AL HARRIS

United Kingdom,

Al Harris is creating a unique, viral model that encourages and promotes the creation of local, community-run Marine Protected Areas that increases the communities’ quality of life and protect the marine environment.

This profile below was prepared when Al Harris was elected to the Ashoka Fellowship in 2007.
MEDIA MENTIONS

INTRODUCTION

In today’s global economy, communities that previously had been subsistence-based are now subject to external market forces that are changing their societies and threatening their natural environments and ways of life. In many instances, these communities do not have the tools or information necessary to partake in the new economic landscape. Al Harris has created a model that can help such communities connect to the global economy in a way that also improves natural resource management.




THE NEW IDEA

Al has designed a model of sustainable, locally run Marine Protected Areas (MPAs) in Madagascar that both increases marine communities’ income and protects the marine environment. His organization, Blue Ventures, acts as a catalyst for local conservation by piloting efforts that have immediate economic and environmental benefit, and then handing off ownership to local leaders and fishermen.

Blue Ventures begins by facilitating communication and collaboration between subsistence communities in Madagascar with fragile marine ecosystems and citizen sector organisations, tourists, the public, scientists, and policy makers from outside these communities. Fishing communities receive new information and training about how to better manage their environment, in addition to the opportunities made available by the global economy. At the same time, leading international environmental conservation groups, scientists, environmental advocates, policymakers, student volunteers and others that work closely with Blue Ventures learn how to work effectively with—and not around—local communities, and thus ultimately how to design successful models in other regions where fragile marine ecosystems are in danger.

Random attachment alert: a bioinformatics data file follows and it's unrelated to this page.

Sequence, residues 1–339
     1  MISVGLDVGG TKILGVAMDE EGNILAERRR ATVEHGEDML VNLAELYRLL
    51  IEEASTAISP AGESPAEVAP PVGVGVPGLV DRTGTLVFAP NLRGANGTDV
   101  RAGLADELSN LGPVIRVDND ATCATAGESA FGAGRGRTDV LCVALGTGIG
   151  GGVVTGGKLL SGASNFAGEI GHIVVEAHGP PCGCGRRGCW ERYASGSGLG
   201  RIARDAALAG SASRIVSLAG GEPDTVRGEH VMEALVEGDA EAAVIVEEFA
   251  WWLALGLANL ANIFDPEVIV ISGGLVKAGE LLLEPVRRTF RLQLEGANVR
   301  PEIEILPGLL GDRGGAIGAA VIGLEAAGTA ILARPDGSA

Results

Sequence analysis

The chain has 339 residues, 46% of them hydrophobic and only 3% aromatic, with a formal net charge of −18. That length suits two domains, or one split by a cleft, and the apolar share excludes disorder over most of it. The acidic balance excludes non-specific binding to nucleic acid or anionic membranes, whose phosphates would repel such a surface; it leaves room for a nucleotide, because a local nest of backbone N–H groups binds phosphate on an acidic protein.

The Problem Marine stocks in southwest Madagascar are being depleted and fragile coral reef ecosystems are disappearing because of the stresses created by population increases and global climate change. This problem is further compounded by the fact that global commercial fishing industries have recently entered the region, targeting almost all exploitable marine resources, further threatening marine stocks, and pressuring local economies.

In southwest Madagascar, local communities rely on fishing for both subsistence and income, with fishing accounting for over 70 percent of income-generating activities. Artisanal fishing for octopus has become especially lucrative, with enormous and growing international demand for octopus. However, as these communities shift from subsistence to market-based economies, fishermen are over-fishing, stocks are being depleted, and communities have yet to respond to the looming crisis. As the commercial market for fish and octopus grow, incentives for conservation simply do not exist among the region’s most economically deprived and isolated communities.

There is a host of evidence about the benefits of creating Marine Protected Areas to restore and protect fragile marine ecosystems, but, unfortunately, the evidence is not sufficient to spark behavioral change. Moreover, current MPA models often do not work because they fail to compel communities to act together, or to impart any local ownership or governance to the protected area. Such initiatives often stem from a top-down approach to management (either through legislation or large international citizen organizations) and attempt to restrict access to an area in the name of biodiversity conservation, but underestimate the overwhelming incentive for fishers to fish unsustainably and overexploit marine resources.